Major U.S. airlines aren’t heeding China’s warning to refer to Taiwan as a part of the country

Travelers at Taoyuan International Airport in Taoyuan City, northern Taiwan. China has put pressure on airlines flying to China as well as to the International Air Transport Association (IATA) to order airlines to change Taiwan destinations as part of China.

A demand by China that all air carriers worldwide refer to Taiwan, Hong Kong and Macau on online maps and drop-down menus as Chinese territories — not as independent regions — is being ignored by the U.S.’s biggest airlines.

At least for now.

The order from Beijing came in May, and dozens of foreign-based carriers have already fallen in line.

Earlier this week, the Associated Press confirmed that 20 carriers, including Air Canada, British Airways and Lufthansa, were referring to Taiwan as a part of China on their global websites. China claims democratic Taiwan as part of its territory, but the two have been ruled separately since the Chinese civil war of the 1940s.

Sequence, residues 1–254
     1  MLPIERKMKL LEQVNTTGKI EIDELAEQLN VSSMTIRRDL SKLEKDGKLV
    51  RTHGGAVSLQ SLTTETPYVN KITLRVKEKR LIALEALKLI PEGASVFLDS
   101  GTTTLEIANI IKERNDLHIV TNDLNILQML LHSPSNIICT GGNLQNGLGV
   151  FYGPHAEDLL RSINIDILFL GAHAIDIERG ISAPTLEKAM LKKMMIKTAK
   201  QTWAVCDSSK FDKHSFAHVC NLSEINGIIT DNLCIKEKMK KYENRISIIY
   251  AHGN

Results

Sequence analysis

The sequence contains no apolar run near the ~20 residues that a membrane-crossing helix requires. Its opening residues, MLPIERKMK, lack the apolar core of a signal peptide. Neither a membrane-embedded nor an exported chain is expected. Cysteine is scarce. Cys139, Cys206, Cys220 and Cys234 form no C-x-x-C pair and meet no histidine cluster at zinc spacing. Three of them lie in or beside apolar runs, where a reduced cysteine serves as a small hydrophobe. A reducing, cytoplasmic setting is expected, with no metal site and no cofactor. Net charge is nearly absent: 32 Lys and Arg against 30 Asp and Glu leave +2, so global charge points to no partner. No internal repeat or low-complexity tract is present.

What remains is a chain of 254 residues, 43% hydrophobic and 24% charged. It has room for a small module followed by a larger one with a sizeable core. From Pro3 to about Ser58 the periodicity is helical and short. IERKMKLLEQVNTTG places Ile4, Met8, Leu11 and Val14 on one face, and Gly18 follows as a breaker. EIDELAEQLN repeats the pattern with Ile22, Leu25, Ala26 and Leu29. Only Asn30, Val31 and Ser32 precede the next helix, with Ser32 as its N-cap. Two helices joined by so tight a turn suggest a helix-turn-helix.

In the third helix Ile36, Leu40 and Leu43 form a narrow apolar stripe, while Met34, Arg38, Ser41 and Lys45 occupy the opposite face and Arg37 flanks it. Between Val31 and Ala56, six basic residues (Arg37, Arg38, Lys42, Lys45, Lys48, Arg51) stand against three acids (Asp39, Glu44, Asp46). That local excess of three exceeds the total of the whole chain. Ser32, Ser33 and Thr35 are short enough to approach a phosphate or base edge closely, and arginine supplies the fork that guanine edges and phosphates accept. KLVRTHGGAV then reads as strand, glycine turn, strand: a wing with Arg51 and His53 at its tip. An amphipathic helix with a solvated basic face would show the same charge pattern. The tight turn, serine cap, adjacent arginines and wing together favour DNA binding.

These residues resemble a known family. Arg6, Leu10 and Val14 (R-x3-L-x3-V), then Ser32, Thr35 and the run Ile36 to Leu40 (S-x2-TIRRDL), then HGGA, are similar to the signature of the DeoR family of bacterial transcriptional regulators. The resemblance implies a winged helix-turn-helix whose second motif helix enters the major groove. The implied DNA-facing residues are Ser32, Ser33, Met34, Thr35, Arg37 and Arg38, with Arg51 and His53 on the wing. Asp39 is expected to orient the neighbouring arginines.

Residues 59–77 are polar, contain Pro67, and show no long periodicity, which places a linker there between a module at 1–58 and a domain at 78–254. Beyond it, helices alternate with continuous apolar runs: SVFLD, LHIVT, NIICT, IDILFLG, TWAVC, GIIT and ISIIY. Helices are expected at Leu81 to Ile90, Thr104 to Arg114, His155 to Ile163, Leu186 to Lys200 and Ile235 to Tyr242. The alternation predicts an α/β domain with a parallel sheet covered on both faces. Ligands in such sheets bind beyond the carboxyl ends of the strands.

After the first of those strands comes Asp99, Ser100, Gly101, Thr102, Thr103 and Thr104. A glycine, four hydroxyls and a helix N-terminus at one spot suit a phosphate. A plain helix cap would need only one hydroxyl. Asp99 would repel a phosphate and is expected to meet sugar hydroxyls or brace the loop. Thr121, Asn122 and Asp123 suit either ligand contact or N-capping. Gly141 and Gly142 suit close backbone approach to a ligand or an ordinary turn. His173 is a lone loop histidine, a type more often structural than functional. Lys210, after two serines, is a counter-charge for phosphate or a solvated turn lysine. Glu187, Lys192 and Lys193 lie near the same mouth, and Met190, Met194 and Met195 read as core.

In a statement, China’s Foreign Ministry spokesman Geng Shuang said: “Foreign enterprises operating in China should respect China’s sovereignty and territorial integrity, abide by China’s law and respect the national sentiment of the Chinese people.”

The White House, however, blasted the order, calling it “Orwellian nonsense.”

Among those carriers that continue to include the name “Taiwan” on their maps or list of destinations are American, Delta, United and Hawaiian Airlines.

American Airlines requested a 60-day extension — until July 25 — from the Chinese order. An American Airlines spokesman declined to discuss the matter except to say: “We are consulting with the U.S. government on the matter.”

In a statement, Delta said: “We are reviewing the Civil Aviation Administration of China’s request and will remain in close consultation with the U.S. Government throughout this process.”

China has yet to say what punishment it may impose on airlines that defy its order. But a financial penalty or other punishment could create complications for China because the biggest U.S. airlines that fly to Taiwan and other Chinese destinations often do so through partnerships with China-based carriers such as Shanghai Airlines and China Eastern Airlines.


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